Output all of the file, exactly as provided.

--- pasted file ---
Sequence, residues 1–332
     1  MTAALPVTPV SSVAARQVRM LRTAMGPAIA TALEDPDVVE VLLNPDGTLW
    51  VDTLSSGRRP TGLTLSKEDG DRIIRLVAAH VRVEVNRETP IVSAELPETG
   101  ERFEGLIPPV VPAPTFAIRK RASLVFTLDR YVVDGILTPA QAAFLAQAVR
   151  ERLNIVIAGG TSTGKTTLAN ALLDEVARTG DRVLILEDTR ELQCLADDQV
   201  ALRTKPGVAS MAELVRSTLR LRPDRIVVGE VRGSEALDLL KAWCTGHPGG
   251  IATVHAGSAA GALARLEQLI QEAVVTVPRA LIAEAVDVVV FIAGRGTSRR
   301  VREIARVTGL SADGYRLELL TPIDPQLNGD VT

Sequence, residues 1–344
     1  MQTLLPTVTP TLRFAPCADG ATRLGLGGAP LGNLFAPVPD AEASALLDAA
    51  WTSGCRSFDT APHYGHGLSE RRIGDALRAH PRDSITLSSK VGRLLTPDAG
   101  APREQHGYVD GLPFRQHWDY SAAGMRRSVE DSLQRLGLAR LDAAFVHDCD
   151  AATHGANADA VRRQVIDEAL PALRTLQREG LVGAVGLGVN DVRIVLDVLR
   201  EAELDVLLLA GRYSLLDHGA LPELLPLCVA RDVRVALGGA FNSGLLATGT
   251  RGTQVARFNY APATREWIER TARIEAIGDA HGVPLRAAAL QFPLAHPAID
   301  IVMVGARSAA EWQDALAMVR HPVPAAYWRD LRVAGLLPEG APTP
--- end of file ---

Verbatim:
Sequence, residues 1–332
     1  MTAALPVTPV SSVAARQVRM LRTAMGPAIA TALEDPDVVE VLLNPDGTLW
    51  VDTLSSGRRP TGLTLSKEDG DRIIRLVAAH VRVEVNRETP IVSAELPETG
   101  ERFEGLIPPV VPAPTFAIRK RASLVFTLDR YVVDGILTPA QAAFLAQAVR
   151  ERLNIVIAGG TSTGKTTLAN ALLDEVARTG DRVLILEDTR ELQCLADDQV
   201  ALRTKPGVAS MAELVRSTLR LRPDRIVVGE VRGSEALDLL KAWCTGHPGG
   251  IATVHAGSAA GALARLEQLI QEAVVTVPRA LIAEAVDVVV FIAGRGTSRR
   301  VREIARVTGL SADGYRLELL TPIDPQLNGD VT

Sequence, residues 1–344
     1  MQTLLPTVTP TLRFAPCADG ATRLGLGGAP LGNLFAPVPD AEASALLDAA
    51  WTSGCRSFDT APHYGHGLSE RRIGDALRAH PRDSITLSSK VGRLLTPDAG
   101  APREQHGYVD GLPFRQHWDY SAAGMRRSVE DSLQRLGLAR LDAAFVHDCD
   151  AATHGANADA VRRQVIDEAL PALRTLQREG LVGAVGLGVN DVRIVLDVLR
   201  EAELDVLLLA GRYSLLDHGA LPELLPLCVA RDVRVALGGA FNSGLLATGT
   251  RGTQVARFNY APATREWIER TARIEAIGDA HGVPLRAAAL QFPLAHPAID
   301  IVMVGARSAA EWQDALAMVR HPVPAAYWRD LRVAGLLPEG APTP